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NYC’s Mayor plans to have the country’s largest electric car fleet by 2025

Ask an NYC employee about their city car in 2025, and they’ll say “It’s electric!” On Tuesday, Mayor Bill de Blasio announced a plan to replace non-emergency city vehicles with electric cars like the Leaf and the Volt over the next decade. The plan is called Clean Feet, and it aims to create the largest municipal electric vehicle fleet in the US.

Mayor de Blasio said in a statement, “A cleaner, greener fleet is yet another step toward our ambitious but necessary sustainability goals, including an 80 percent reduction in all emissions by 2050.” That means getting rid of about 2,000 SUVs and sedans. The city owns about 11,000, but about half are used as emergency vehicles. The changes are planned for about half of the non-emergency fleet, which translates to the 2,000 estimate.

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As old gas-powered vehicles are retired, they’ll be replaced with electric ones. An investment of about $50-$80 million over ten years will cover expanding charging capacity for the new additions. Fuel savings will offset the costs, and the conversion will help halve the city government vehicle emissions.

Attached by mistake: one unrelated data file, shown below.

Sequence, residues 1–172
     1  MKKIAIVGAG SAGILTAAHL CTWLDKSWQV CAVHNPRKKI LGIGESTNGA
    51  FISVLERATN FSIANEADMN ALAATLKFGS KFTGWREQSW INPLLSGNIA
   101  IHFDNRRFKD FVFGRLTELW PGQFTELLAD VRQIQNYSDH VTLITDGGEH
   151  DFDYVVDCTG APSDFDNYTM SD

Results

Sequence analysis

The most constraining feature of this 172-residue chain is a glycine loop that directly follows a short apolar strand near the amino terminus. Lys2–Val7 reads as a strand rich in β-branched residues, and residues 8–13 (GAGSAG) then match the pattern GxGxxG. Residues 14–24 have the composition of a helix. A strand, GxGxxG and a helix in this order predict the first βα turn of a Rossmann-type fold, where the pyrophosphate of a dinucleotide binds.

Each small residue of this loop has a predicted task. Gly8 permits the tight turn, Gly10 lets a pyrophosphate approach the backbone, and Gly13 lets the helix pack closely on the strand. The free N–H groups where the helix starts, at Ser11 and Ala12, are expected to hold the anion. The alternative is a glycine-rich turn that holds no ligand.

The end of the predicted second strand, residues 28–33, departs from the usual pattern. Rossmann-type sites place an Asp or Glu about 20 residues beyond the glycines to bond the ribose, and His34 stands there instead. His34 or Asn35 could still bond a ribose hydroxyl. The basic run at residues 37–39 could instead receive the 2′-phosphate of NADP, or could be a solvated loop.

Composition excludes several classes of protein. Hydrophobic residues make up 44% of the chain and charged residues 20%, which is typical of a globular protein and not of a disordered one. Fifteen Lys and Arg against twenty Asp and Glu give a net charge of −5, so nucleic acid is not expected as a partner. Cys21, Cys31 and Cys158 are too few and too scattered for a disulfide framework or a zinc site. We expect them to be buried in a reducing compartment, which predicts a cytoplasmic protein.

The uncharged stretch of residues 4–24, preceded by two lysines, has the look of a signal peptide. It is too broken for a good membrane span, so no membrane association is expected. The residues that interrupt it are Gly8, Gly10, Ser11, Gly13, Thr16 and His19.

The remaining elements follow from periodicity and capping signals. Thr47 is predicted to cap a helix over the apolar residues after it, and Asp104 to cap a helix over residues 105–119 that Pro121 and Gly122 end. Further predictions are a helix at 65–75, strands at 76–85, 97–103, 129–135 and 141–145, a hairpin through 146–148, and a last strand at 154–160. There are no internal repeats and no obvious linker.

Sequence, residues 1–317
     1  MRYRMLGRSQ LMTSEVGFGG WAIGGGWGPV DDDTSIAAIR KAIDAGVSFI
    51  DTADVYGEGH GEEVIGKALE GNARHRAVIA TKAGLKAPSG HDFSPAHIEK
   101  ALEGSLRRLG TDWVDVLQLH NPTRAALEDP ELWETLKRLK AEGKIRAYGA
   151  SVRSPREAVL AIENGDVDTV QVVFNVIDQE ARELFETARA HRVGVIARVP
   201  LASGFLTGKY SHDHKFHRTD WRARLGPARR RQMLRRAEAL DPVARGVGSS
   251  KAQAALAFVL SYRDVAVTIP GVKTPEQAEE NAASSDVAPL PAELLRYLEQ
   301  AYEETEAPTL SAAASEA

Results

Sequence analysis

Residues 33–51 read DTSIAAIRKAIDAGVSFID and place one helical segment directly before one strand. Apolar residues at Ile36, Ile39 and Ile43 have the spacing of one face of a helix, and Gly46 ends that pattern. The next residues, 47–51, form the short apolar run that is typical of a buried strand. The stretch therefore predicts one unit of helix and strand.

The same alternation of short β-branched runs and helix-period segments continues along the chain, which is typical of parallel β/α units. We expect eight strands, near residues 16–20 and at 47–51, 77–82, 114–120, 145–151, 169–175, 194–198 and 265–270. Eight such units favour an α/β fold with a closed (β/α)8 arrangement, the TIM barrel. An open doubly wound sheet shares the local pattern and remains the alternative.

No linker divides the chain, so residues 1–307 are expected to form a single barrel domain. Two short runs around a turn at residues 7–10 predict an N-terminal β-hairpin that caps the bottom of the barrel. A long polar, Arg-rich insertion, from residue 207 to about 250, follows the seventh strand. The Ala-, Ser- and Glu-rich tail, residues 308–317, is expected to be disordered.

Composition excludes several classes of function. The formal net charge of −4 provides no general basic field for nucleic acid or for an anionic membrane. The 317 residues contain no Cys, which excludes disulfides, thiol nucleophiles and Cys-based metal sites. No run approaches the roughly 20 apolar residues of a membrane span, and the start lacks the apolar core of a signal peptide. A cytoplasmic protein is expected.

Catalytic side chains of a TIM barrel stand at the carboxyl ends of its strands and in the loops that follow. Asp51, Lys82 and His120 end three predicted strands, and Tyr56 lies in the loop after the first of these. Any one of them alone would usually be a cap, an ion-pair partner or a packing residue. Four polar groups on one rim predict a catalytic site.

“By building the largest municipal electric vehicle fleet in the country – and potentially the world – New York City is continuing to lead by example,” de Blasio said. “Cities are setting the pace on climate action, and with our city and our planet’s very future at stake, we need national leaders in Paris to take note and take action.”

Details of the Clean Fleet plan are still being ironed out, like where to place charging stations for the electric cars, and how to deal with the vehicles’ limitations. For instance, some cars are required to travel beyond the range of current charging capacities. Others are usually driven in consecutive shifts which doesn’t leave time for recharging. As technologies improve, some of these limitations may be resolved.

Clean Fleet is part of the OneNYC plan, which aims to reduce all city greenhouse gas emissions 80 percent by 2050. Transportation accounts for a little less than a quarter of citywide greenhouse gas emissions. City vehicles are about four percent of total city transportation emissions, or 13 percent of emissions attributable to city government.